Well, it looks like being lazy isn’t all that bad as this trait could possibly be the key to survival, a new study shows. In a study published in Proceedings of the Royal Society B, the research by a team based at the University of Kansas suggests that being sluggish and using less energy could be the best way to preserve a certain species from extinction.
The scientists gathered data from over 300 million species of mollusc that lived in the Atlantic Ocean over a period spanning roughly five million years and concluded that those who use lesser energy are very likely to still be surviving today. However, those species that had a higher metabolism that required more energy were more likely to already be extinct, University of Kansas reported.
“We wondered, ‘Could you look at the probability of extinction of a species based on energy uptake by an organism?’ We found a difference for mollusc species that have gone extinct over the past 5 million years and ones that are still around today. Those that have gone extinct tend to have higher metabolic rates than those that are still living. Those that have lower energy maintenance requirements seem more likely to survive than those organisms with higher metabolic rates,” said Luke Strotz, postdoctoral researcher at KU’s Biodiversity Institute and Natural History Museum, and lead author of the paper.
Bruce Lieberman, professor of ecology and evolutionary biology who is also a co-author for the study said, “Maybe in the long term the best evolutionary strategy for animals is to be lassitudinous and sluggish — the lower the metabolic rate, the more likely the species you belong to will survive. Instead of ‘survival of the fittest,’ maybe a better metaphor for the history of life is ‘survival of the laziest’ or at least ‘survival of the sluggish’.”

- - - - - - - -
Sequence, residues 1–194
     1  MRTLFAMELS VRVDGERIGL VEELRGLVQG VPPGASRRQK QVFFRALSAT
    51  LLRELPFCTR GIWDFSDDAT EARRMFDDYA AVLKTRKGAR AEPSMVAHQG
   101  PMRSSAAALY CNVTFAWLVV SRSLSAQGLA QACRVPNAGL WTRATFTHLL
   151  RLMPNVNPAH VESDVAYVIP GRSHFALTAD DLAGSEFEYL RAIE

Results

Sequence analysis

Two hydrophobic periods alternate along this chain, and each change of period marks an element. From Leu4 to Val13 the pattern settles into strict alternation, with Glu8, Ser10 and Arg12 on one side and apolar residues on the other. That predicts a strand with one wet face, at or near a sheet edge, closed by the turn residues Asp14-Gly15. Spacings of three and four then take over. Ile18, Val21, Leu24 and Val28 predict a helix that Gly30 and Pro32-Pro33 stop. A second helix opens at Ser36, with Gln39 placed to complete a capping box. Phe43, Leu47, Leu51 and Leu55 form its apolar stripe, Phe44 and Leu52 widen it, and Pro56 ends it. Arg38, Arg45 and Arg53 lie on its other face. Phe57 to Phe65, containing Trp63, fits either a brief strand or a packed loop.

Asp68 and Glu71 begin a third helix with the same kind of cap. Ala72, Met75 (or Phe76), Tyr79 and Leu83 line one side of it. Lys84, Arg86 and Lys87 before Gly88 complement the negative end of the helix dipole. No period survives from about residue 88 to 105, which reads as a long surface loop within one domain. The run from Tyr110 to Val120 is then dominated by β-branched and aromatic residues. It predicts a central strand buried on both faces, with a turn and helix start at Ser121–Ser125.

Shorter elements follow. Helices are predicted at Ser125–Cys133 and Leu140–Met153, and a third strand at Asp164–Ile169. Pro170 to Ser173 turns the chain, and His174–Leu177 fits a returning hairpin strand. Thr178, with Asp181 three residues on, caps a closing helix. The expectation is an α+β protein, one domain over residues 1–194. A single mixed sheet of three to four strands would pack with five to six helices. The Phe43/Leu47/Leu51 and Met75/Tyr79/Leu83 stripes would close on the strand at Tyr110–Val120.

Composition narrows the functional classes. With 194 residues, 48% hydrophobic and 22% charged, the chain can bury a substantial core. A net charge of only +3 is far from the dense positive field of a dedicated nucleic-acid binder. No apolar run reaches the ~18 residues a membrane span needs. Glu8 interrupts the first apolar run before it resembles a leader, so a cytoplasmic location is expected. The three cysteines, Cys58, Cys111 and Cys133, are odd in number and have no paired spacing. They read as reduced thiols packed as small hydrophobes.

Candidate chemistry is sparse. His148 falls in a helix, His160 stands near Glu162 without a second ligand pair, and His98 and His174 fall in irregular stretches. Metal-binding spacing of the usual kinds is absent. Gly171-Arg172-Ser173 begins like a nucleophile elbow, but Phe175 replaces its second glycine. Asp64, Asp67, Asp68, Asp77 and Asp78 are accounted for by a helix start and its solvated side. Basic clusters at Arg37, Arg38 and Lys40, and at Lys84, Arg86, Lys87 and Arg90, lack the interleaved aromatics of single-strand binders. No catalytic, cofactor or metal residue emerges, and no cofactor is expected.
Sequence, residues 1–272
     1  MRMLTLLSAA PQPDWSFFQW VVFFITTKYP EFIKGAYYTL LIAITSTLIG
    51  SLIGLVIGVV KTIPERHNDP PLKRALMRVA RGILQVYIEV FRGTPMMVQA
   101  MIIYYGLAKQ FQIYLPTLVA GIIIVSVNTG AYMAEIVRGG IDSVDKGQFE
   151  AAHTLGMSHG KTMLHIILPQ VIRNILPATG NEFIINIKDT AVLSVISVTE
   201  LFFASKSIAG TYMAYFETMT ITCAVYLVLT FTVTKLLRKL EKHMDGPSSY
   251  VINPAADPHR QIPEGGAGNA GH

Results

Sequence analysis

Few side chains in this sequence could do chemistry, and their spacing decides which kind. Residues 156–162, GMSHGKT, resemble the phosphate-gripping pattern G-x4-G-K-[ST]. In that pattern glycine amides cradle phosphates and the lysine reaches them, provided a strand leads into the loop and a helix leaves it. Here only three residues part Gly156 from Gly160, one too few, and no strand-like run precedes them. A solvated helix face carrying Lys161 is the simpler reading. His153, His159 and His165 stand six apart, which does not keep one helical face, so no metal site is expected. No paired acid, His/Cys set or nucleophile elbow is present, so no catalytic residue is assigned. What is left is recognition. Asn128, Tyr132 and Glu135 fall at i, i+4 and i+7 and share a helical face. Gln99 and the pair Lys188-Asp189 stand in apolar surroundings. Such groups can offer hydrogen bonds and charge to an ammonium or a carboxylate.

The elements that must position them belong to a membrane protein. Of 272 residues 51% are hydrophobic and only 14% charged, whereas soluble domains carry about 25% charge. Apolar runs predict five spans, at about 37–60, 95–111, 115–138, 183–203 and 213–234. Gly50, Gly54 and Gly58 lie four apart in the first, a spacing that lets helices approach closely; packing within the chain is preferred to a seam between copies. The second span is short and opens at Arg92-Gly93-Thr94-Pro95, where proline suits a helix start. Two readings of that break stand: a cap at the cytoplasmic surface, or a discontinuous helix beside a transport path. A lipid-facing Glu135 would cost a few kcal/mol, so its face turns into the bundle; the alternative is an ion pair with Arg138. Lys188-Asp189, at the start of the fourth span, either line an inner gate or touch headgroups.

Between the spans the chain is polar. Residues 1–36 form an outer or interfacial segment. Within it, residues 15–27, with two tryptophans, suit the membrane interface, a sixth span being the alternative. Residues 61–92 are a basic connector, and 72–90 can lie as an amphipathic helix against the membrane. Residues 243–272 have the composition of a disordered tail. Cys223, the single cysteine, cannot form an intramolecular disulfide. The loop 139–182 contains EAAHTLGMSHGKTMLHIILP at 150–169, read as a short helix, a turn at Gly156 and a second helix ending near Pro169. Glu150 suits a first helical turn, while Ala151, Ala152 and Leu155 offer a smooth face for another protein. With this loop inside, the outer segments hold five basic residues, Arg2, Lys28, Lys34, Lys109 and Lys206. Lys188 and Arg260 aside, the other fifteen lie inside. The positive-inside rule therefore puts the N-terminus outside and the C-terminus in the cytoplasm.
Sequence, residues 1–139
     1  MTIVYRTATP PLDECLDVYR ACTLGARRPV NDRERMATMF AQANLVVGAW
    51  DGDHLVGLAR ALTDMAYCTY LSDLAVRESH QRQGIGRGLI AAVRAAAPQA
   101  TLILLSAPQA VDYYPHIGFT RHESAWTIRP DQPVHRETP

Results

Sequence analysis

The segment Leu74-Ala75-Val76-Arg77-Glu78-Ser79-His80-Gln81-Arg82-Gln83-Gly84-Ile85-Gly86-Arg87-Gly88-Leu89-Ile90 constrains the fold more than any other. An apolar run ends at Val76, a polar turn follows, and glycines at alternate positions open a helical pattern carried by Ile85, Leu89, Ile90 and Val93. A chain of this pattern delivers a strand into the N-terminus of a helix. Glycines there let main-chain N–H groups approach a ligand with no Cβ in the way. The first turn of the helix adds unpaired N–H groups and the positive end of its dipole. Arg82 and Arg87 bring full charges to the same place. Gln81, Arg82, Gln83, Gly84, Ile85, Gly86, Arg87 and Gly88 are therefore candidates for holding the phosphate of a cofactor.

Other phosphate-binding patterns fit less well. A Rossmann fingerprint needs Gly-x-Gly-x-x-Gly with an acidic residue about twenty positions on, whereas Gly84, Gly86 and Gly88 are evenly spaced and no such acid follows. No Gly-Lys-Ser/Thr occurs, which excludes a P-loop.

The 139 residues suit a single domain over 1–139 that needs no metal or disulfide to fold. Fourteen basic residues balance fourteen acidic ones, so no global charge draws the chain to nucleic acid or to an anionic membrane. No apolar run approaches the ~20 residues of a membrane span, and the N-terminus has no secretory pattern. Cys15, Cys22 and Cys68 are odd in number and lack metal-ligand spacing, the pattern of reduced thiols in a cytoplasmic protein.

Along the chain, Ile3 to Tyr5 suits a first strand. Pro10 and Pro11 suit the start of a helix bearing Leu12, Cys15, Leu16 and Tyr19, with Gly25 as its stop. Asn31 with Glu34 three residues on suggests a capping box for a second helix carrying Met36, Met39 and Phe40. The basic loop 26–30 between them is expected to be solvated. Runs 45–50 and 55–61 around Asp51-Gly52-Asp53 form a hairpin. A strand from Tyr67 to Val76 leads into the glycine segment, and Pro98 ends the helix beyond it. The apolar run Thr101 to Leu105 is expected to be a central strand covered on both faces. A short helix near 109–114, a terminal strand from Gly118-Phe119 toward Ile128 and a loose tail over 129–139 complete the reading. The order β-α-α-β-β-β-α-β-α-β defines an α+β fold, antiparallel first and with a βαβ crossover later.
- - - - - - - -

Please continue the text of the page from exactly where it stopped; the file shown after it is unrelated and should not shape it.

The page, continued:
The study was done as the researchers wanted to establish which species are at a higher risk of extinction and they decided to do their study on molluscs as there was a huge amount of data readily available on living and extinct bivalve and gastropod species.
However, the conclusion of this study doesn’t exactly mean that we should hang up our running shoes and settle down to be a couch potato. Currently, the study seems to be applicable only in the marine world but they want to do further testing to see whether the results would affect other biological groups as well.
Strotz says that the metabolic rates only represent the average metabolism for the species so sudden changes as an individual probably won’t make a difference.
Until there is concrete proof that we should all be couch potatoes, perhaps the best bet is to stick with age-old advice to stay active and healthy!
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